Erschienen: 31.03.2015 Abbildung von Yamamoto | Instabilities in alpine permafrost: strength and stiffness in a warming regime | 1. Auflage | 2015 | 243 |


Instabilities in alpine permafrost: strength and stiffness in a warming regime

Buch. Softcover

1., Auflage 2015. 2015

XIV, 500 S

In englischer Sprache

vdf Hochschulverlag. ISBN 978-3-7281-3640-4

Format (B x L): 21 x 29,7 cm

Gewicht: 1625 g


Global climate change is contributing to hazards to infrastructure in cold regions, as
engineers try to quantify uncertainties through a risk-based consideration of sensitivity and
consequences, and thereby to mitigate the risks arising from permafrost degradation. A
gradually rising Mean Annual Air Temperature, combined with more extreme rainfall
conditions and fewer ‘freezing degree days’, mean that the water phase in soil that has been
frozen for many years in the form of permafrost, is likely to thaw and release groundwater
into the voids. Since the properties of warm permafrost can change significantly as its
temperature rises, climate change can affect not only the thickness of the active layer and
the depth of permanently frozen ground, but also the constitutive behaviour of the permafrost
layer. This has significance not only for movements and stability in permafrost slopes but
also in rock glaciers, which are ice-rich geomorphological landforms. Furthermore,
permafrost degradation is causing changes in land surface characteristics and drainage
systems, as warming of rock glaciers leads to accelerated creep. Instabilities may also be
triggered as the constitutive properties of permafrot change, either in the form of active layer
detachments or at depth through the warming permafrost. Catastrophic debris flows may
also occur.
Dr Yamamoto has conducted a fundamental and highly innovative experimental investigation
into the effect of time and temperature on the creep and shear strength properties of
analogue alpine permafrost, under a range of stress conditions that would be experienced in
different locations of a rock glacier. She has developed new equipment to maintain the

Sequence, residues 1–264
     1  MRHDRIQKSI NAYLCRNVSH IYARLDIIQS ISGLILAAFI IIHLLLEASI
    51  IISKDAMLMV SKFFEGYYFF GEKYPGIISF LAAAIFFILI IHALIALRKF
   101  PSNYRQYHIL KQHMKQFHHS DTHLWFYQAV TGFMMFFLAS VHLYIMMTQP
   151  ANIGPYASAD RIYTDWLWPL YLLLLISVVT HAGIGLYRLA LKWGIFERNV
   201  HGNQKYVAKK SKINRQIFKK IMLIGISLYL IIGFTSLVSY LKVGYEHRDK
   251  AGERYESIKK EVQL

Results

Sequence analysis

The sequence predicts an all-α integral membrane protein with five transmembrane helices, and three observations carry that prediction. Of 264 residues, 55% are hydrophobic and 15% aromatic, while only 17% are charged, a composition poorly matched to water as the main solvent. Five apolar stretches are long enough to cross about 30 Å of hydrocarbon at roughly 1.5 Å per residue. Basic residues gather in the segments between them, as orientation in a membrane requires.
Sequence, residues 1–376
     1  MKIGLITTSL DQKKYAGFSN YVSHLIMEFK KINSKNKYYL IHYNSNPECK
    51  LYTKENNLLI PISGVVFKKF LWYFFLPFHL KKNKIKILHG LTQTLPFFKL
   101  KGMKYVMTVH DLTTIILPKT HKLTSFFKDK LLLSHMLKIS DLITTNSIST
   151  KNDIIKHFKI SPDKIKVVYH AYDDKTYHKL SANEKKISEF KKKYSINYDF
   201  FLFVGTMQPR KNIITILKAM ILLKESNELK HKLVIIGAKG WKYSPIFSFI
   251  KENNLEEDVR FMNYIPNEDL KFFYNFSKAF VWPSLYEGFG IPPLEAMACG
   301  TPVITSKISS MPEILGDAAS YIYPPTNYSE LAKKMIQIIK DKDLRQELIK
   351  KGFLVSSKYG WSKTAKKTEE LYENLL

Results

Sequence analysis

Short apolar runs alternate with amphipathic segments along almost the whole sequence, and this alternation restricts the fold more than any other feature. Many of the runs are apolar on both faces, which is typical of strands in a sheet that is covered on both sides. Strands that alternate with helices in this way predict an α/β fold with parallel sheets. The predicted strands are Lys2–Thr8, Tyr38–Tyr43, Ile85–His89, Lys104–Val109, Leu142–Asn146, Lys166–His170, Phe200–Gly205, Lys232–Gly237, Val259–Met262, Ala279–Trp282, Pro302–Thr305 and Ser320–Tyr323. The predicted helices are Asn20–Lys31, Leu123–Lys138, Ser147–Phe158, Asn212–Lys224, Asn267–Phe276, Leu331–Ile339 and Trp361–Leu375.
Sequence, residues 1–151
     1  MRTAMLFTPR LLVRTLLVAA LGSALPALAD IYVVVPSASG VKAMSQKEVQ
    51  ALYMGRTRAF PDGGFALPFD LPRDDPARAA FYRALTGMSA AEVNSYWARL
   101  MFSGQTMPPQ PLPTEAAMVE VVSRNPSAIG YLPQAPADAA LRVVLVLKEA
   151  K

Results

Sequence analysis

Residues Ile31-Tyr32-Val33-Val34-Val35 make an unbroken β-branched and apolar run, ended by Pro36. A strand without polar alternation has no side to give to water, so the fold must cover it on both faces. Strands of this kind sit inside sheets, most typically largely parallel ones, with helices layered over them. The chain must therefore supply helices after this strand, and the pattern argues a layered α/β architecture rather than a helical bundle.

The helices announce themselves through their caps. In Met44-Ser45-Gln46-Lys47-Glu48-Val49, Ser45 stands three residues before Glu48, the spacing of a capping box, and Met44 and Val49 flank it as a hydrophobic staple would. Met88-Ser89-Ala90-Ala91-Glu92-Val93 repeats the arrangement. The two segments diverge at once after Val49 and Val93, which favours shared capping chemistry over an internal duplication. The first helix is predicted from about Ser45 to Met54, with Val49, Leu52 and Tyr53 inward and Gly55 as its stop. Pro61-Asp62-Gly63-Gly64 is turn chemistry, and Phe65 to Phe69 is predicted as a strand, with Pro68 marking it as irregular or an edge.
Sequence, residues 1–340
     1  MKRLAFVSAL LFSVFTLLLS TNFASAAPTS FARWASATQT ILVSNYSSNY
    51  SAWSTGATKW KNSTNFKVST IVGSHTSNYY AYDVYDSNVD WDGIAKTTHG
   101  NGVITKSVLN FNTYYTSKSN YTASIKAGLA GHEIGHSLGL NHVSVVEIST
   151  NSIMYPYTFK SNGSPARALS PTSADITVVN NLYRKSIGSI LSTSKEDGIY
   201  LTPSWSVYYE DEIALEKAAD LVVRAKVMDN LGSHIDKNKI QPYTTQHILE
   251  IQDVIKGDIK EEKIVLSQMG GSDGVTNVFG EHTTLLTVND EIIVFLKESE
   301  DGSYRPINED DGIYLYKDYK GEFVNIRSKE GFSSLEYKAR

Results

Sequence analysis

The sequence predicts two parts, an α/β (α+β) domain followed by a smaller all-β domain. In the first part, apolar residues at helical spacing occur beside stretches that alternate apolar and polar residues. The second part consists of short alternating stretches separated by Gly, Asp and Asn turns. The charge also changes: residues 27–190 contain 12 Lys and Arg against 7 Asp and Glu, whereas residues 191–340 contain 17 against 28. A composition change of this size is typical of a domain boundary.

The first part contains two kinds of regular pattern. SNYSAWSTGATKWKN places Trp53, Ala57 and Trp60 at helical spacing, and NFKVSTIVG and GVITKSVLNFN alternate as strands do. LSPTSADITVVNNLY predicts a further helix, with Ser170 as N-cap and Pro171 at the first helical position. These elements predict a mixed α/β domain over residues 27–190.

temperature in the frozen soil specimens at ±0.03°C in the previously unexplored range
between 0 and -0.5°C, and to record acoustic emissions during creep and shearing.
Furthermore, she has carried out novel micromechanical investigations into the changes
occurring in the solid, ice, air and unfrozen water mixture as a result of shearing. The results
of the laboratory tests have been used to provide a deeper insight, not only into the
constitutive behaviour of frozen soils, but also a greater qualitative understanding of the
geotechnical performance of rock glaciers under warming conditions.
In addition, she has extended an existing mechanical constitutive model for soils that
includes both soil creep and shear behaviour to develop a semi-coupled Thermal-Hydro-
Mechanical (THM) constitutive model. The model, when implemented in a finite element
package, allows the laboratory element test data to be predicted, which also validates key
aspects of her model rather well. This represents a significant step towards achieving
quantitative predictions of the influence of temperature variation on the performance of rock
Dr Yuko Yamamoto has made original and significant discoveries about the thermomechanical
response of frozen soils under a range of stress path tests, by developing and
using a range of state-of-the-art experimental techniques and combining these with powerful
analytical and numerical methods to interpret and model behaviour of permafrost soils. Her
research paves the way for future work that will lead to quantitative modelling of
geomorphological process in permafrost landforms, such as the creep and stability of rock
Prof. Dr. Sarah M. Springman II CBE FREng


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